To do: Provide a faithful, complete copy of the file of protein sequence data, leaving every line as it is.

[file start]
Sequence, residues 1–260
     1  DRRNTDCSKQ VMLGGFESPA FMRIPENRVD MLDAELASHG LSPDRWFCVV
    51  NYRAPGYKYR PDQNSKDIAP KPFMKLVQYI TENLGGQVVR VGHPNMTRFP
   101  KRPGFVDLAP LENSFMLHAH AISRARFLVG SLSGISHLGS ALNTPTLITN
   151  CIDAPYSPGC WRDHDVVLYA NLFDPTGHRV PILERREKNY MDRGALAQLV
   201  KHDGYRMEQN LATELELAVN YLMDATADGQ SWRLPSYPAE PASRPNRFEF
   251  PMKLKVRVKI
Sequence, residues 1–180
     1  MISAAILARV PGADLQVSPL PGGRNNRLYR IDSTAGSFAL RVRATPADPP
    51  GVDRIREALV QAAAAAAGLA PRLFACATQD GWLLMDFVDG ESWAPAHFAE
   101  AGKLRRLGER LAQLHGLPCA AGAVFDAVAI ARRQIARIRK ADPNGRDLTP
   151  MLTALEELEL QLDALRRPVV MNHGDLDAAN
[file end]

Sequence, residues 1–260
     1  DRRNTDCSKQ VMLGGFESPA FMRIPENRVD MLDAELASHG LSPDRWFCVV
    51  NYRAPGYKYR PDQNSKDIAP KPFMKLVQYI TENLGGQVVR VGHPNMTRFP
   101  KRPGFVDLAP LENSFMLHAH AISRARFLVG SLSGISHLGS ALNTPTLITN
   151  CIDAPYSPGC WRDHDVVLYA NLFDPTGHRV PILERREKNY MDRGALAQLV
   201  KHDGYRMEQN LATELELAVN YLMDATADGQ SWRLPSYPAE PASRPNRFEF
   251  PMKLKVRVKI
Sequence, residues 1–180
     1  MISAAILARV PGADLQVSPL PGGRNNRLYR IDSTAGSFAL RVRATPADPP
    51  GVDRIREALV QAAAAAAGLA PRLFACATQD GWLLMDFVDG ESWAPAHFAE
   101  AGKLRRLGER LAQLHGLPCA AGAVFDAVAI ARRQIARIRK ADPNGRDLTP
   151  MLTALEELEL QLDALRRPVV MNHGDLDAAN